I have the kind of depression that is really, really difficult for other people to deal with.
When you have been one version of yourself for a really long time, it is hard to recognize it when you change. I still think of myself as too shy to carry on a conversation with a new person, even though most people don’t think I hate them when we meet anymore. I have spent recent times lamenting the decline in my geek cred while failing to notice that I’m planning Dungeons and Dragons campaigns while talking over the superhero comics my friends are writing.
And so it is with my mental health. I spent my late teens and early twenties in a near-constant state of crisis, so I sometimes feel like I’m constantly on the brink of a relapse(/collapse), seemingly without realizing that the years of treatment I’ve been through were designed to prevent exactly that.
I have the kind of depression that is really, really difficult for other people to deal with. Pretty much everyone is a worse person when they are depressed than when they’re not, but I have the high drama kind of depression. The calling-people-in-hysterics kind. The people-showing-up-at-my-door-in-the-middle-of-the-night-worried kind. As a consequence, I tend to lose friends because of it. I try to tell myself that I’m worth it, that the people who put in the effort get it back from me tenfold, but I know it’s more complicated than that.
In college, I was close to a group of people who were, in retrospect, maybe just not the right people for me to be friends with. I didn’t have too much in common with them, and though we liked each other a lot, we sometimes had trouble finding subjects in which we genuinely shared an interest. Mostly, we were close because we were close — it was a kind of unhealthy but also kind of awesome codependent group who got together for gossip and homework and ordering pizza at 1 a.m. to be delivered to the library.
These were the first people to drag me to the university counseling center at my school, twice, which I appreciated only very belatedly. They stuck with me through the first time my depression got really, really bad. We had some fights — mostly times when I was trying to communicate something I was hurt by and it was not being properly communicated — but when I was doing better, I reached out to try and show I was going to be a good friend again. I thought that they’d still be around.
Not so much. Suddenly my texts and Facebook messages weren’t getting responses. I’d run into the whole group doing something I hadn’t been invited to. The final blow came when I learned they’d gone shopping for bridesmaids dresses for one friend’s wedding, which is how I officially found out I was no longer a bridesmaid. At that point, I gave up, and when I did, I got angry.
How dare they stop being friends with me without a word, I thought. I would never — NEVER — have done that to them! I would have given them another chance! How could they just cut me out without so much as explaining what I had done wrong?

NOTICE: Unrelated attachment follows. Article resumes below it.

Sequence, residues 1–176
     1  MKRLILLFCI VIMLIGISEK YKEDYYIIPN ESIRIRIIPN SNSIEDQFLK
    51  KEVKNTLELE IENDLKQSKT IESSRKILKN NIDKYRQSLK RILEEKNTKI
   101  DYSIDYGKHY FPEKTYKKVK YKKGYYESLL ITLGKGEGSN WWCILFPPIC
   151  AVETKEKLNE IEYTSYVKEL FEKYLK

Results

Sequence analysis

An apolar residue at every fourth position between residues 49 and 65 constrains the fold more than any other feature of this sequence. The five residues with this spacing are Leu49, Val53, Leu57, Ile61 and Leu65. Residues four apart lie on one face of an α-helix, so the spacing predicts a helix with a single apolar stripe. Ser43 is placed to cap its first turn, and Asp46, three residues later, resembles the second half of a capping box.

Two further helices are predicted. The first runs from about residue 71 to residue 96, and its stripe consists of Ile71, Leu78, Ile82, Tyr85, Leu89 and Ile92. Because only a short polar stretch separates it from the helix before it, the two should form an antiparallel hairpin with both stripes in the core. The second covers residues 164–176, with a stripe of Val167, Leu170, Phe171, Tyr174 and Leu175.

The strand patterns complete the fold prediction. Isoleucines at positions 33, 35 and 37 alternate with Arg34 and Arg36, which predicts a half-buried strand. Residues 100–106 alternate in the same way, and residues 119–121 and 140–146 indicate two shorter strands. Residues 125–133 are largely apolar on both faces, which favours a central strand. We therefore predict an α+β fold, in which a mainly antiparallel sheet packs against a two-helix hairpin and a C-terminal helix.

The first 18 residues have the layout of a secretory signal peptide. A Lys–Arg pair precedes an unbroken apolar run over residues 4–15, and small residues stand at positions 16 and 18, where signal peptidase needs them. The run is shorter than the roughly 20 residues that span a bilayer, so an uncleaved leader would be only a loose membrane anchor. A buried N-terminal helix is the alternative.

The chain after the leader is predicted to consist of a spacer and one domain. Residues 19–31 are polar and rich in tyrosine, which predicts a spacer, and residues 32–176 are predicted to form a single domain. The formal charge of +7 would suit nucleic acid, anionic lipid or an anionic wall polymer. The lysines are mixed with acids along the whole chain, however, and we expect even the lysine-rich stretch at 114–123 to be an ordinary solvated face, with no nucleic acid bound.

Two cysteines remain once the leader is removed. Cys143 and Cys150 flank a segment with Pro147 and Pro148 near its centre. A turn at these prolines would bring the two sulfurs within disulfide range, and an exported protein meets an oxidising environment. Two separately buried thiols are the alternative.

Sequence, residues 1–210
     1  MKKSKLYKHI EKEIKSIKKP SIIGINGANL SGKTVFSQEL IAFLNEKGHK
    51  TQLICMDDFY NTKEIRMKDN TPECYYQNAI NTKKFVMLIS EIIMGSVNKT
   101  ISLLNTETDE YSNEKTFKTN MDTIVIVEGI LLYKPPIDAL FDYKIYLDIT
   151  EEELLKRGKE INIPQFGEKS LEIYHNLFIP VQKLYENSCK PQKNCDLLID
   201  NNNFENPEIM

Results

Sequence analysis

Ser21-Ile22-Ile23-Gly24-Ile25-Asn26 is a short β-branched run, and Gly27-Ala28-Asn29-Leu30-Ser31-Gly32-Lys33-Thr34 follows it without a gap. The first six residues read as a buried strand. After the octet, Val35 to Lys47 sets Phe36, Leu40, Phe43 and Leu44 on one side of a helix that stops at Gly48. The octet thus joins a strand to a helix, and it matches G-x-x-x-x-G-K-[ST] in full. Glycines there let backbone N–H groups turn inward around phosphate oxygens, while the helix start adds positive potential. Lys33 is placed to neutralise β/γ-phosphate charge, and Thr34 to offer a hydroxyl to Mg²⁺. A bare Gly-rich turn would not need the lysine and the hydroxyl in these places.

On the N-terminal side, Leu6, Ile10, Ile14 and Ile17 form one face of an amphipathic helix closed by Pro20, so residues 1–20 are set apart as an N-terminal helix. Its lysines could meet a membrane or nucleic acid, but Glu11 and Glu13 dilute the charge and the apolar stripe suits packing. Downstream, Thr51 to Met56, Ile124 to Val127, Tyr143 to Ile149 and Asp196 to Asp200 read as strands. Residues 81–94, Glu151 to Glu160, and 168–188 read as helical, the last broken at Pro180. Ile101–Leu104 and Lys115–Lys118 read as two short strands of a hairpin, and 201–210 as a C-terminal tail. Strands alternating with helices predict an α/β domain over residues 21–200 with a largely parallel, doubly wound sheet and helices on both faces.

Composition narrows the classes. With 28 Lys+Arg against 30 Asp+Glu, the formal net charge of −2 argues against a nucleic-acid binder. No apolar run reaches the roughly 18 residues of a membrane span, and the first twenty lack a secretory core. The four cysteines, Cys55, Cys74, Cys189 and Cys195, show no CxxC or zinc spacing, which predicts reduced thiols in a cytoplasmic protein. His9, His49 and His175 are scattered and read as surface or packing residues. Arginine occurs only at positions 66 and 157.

That anger, like most anger, may or may not be justified on my end, but it definitely doesn’t reflect the whole truth about how those relationships ended. On some level, it is as simple as, “I deserve friends who will stick around for me, because I would stick around for them” (the truth of which I believe I have demonstrated in my friendships both before and since), but there are lots of other levels too, and some of them are probably closer to reality.
The last five years, while difficult in their way, have left me in a much better place than I was then. Among my current group of friends, I am complimented on my “confidence,” “strength,” and “sunny disposition.” Still, I have this neverending (and completely annoying) anxiety that one of these days, I’m going to get sick again, and everybody’s just going to disappear.
The reason this is a problem (other than the fact that it sucks) is that it makes me really nervous to ask for anything from people. At all. Ever. The other day one friend reminded some others of some money they owed me, and I just kind of shuffled around nervously as they tried to ask me how much. I feel like I have to earn friendship points with Thai food and rides to the airport because what if one day I need them?
I’m having health problems right now, and that means cashing in those friendship points more regularly than I usually do. I have had to let other people answer my door and cook me food because I can’t get up off the couch very easily. I’ve been asking people to bring me my pain pills, refill my water glass, and feed my cats. It is hard not to feel like a burden, even though I know people are volunteering to take care of me.
Consciously, I am well aware that friendships are a give and take, and that people are letting me emphasize the “take” part right now because I need it and they love me. I also know that I cannot blame people from my past for feeling that I took too much. Nor can I blame myself for fears that people will disappear — those fears seem reasonable given the circumstances.
I am mostly just angry with my depression: angry that it keeps me locked up in my room at the time that I need other people the most, angry that it makes me think in ways that I cannot handle with grace, and angry that it makes me doubt my own judgment so much that I can’t tell if my needs are reasonable.
But, although it would be nice to be able to make health problems go away by being angry with them, so far I have had no luck with that strategy, and have been forced to resort to treating them. Soon my recovery from my physical illness will be complete, and I won’t need as much from my friends. Eventually my mental health might suffer again. Maybe this time on the couch will be good practice for learning how to ask for help when I need it.